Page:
tribal tattoo designs forearm

Yantra tattooing (Thai: สักยันต์; rtgs: sak yan; Khmer: សាក់យ័ន្ត; Burmese: တက်တူးထိုး) is a form of tattooing that originated among the Tai tribes of southwestern China and northwestern Vietnam over 2,000 years ago, according to Chinese chronicles of the time. It consists of sacred geometrical, animal and deity designs accompanied by Pali phrases that offer power, protection, fortune, charisma and other benefits for the bearer. Today it is practiced mainly in Thailand, and to a lesser extent in Cambodia, Laos, and Myanmar.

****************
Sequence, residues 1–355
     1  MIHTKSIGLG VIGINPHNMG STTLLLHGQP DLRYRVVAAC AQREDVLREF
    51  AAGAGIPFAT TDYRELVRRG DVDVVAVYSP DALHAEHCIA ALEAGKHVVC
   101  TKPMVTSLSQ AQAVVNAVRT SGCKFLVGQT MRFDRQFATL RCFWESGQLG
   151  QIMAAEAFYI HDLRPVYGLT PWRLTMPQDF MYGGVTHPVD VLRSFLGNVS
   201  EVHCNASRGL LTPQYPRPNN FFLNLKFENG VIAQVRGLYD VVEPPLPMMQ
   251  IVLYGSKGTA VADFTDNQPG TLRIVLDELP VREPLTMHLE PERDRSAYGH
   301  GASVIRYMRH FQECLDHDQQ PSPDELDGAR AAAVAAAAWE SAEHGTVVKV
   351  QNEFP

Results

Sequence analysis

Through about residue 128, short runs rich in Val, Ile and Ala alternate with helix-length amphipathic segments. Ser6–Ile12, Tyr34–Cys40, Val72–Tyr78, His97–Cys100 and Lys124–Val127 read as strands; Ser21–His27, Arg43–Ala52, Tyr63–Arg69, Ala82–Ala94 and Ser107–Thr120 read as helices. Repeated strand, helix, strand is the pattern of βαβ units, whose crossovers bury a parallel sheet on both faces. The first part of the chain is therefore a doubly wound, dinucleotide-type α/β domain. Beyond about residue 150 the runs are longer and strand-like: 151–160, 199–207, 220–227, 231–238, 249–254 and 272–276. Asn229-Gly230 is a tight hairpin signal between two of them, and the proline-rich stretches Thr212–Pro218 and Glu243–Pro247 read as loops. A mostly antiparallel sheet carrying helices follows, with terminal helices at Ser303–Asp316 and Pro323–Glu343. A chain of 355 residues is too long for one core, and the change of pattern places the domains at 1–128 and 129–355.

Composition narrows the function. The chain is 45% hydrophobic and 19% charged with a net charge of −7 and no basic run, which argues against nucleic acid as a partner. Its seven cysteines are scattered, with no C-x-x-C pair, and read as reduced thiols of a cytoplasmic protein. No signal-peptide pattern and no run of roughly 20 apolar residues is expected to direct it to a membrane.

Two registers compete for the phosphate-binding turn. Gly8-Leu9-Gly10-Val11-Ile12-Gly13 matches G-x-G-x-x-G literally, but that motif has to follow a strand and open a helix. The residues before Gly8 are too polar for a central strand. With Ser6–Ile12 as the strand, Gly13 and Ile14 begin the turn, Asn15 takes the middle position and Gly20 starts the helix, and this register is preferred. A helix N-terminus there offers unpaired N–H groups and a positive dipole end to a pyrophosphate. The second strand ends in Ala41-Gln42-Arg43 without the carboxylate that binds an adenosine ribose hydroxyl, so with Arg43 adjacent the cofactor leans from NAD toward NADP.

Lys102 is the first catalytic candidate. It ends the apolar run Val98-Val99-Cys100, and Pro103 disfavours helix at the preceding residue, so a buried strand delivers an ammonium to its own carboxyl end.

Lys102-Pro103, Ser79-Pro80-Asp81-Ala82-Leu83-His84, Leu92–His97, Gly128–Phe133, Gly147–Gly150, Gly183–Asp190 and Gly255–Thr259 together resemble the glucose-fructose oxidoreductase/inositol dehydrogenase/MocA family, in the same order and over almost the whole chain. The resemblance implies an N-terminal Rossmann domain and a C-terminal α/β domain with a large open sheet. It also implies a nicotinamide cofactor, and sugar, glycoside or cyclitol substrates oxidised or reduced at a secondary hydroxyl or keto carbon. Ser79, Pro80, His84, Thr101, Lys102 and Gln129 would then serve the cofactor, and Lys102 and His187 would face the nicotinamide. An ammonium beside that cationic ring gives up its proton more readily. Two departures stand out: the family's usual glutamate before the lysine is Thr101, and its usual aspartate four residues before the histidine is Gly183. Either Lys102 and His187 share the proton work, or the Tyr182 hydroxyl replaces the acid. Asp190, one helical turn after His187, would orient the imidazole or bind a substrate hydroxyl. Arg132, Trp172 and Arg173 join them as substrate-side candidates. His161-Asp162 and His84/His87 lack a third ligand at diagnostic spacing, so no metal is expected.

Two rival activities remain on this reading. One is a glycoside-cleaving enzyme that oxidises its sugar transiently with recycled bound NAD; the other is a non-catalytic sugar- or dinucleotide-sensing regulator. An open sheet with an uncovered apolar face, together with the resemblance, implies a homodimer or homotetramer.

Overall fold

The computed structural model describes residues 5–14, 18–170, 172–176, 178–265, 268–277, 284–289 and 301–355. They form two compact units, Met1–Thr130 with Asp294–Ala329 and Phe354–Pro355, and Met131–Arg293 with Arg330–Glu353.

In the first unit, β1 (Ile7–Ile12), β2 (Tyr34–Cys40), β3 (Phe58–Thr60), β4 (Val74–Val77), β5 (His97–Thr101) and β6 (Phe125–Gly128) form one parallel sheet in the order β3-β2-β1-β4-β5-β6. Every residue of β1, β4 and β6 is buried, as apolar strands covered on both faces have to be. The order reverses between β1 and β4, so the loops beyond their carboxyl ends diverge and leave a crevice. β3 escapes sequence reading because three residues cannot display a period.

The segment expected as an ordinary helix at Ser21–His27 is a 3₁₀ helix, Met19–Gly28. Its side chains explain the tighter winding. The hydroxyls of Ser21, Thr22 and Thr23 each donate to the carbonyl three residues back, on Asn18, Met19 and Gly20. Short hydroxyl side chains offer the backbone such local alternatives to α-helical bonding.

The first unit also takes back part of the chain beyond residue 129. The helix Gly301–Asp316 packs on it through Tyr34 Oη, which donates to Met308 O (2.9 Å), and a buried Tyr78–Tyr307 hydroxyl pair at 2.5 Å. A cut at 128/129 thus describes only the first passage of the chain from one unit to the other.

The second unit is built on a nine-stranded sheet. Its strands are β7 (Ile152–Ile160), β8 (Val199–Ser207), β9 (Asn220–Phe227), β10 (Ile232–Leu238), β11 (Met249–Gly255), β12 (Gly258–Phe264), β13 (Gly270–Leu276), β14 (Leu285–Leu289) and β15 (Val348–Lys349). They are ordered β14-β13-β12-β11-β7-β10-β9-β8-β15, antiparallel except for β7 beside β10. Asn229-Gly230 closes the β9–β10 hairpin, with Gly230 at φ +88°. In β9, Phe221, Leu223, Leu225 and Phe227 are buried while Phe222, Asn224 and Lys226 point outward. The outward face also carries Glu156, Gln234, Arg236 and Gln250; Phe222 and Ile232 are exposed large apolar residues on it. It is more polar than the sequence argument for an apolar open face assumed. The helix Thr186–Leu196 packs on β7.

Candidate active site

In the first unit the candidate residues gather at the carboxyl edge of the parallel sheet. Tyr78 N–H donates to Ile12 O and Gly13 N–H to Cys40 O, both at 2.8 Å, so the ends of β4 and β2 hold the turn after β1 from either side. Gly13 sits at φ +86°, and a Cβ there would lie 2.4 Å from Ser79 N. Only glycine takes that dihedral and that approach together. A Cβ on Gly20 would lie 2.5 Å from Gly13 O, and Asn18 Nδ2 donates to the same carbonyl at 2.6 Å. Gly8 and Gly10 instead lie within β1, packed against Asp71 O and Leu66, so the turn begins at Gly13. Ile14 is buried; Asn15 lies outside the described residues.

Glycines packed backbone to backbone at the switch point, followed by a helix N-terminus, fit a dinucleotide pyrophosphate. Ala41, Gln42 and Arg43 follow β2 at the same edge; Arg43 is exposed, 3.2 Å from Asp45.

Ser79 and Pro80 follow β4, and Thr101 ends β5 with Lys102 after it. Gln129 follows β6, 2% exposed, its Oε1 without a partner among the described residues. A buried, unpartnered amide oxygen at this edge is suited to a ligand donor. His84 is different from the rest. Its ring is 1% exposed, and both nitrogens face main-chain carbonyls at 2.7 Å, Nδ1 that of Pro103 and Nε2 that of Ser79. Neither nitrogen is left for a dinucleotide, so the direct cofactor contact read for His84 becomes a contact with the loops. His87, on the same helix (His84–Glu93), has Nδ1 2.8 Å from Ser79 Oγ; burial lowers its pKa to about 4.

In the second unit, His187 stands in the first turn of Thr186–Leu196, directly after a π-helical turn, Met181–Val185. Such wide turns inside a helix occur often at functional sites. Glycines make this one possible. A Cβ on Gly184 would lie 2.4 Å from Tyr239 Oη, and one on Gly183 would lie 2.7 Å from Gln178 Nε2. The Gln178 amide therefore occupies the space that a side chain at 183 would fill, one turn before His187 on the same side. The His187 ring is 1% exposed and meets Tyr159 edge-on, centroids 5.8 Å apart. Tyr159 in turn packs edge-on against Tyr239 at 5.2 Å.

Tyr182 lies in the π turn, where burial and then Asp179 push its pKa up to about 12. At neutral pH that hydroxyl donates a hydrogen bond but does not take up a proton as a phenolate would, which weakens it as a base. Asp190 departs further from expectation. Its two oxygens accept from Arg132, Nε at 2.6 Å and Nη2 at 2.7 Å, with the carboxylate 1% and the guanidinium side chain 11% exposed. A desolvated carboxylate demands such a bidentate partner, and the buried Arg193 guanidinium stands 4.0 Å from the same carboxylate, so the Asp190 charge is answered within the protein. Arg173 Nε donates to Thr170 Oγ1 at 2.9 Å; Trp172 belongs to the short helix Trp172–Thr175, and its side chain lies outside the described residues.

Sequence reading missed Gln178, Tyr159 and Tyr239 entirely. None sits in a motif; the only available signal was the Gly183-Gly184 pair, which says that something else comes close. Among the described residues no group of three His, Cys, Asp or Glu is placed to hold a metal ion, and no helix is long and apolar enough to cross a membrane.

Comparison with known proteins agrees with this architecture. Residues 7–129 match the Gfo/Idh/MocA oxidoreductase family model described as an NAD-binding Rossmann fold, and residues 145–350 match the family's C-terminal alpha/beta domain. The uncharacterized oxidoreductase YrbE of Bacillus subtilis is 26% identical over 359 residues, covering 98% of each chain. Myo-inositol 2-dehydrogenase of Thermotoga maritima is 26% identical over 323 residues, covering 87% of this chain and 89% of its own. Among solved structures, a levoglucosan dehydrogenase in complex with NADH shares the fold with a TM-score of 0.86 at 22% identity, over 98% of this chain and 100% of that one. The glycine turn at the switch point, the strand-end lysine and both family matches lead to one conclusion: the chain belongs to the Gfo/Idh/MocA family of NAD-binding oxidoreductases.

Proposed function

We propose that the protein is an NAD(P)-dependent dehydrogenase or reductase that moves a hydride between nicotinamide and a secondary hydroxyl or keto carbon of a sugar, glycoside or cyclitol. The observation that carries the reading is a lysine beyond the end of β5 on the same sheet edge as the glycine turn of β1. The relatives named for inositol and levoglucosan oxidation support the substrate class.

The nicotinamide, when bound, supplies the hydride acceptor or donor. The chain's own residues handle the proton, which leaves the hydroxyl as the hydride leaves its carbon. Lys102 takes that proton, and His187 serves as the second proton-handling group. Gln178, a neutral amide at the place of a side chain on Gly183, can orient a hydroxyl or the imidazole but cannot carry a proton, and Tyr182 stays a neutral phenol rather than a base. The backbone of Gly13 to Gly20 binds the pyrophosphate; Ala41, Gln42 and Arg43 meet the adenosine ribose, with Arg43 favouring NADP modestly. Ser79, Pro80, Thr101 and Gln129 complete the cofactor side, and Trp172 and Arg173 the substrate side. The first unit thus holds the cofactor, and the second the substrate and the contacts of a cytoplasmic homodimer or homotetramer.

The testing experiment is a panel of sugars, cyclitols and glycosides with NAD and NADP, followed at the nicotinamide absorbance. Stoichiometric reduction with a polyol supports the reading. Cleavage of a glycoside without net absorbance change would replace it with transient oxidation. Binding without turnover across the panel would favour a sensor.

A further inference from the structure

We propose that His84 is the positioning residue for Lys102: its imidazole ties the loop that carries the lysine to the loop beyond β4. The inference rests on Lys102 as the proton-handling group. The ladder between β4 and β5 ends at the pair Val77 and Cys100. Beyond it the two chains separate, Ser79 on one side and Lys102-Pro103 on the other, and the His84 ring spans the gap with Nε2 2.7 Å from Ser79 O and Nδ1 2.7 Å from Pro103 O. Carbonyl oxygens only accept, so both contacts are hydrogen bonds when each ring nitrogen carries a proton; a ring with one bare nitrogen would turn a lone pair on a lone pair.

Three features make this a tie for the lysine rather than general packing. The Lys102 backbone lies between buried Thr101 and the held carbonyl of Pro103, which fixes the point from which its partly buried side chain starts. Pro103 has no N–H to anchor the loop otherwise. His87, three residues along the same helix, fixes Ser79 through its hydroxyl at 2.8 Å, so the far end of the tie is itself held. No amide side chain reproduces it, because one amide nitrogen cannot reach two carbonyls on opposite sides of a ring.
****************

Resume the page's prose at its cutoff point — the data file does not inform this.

Sak means tattoo in Thai, and yan is the Thai pronunciation for the Sanskrit word yantra, a type of mystical diagram used in Dharmic religions.
Sak yan designs are normally tattooed by ruesi (the Thai form of rishi), wicha (magic) practitioners, and Buddhist monks, traditionally with a metal rod sharpened to a point (called a khem sak).

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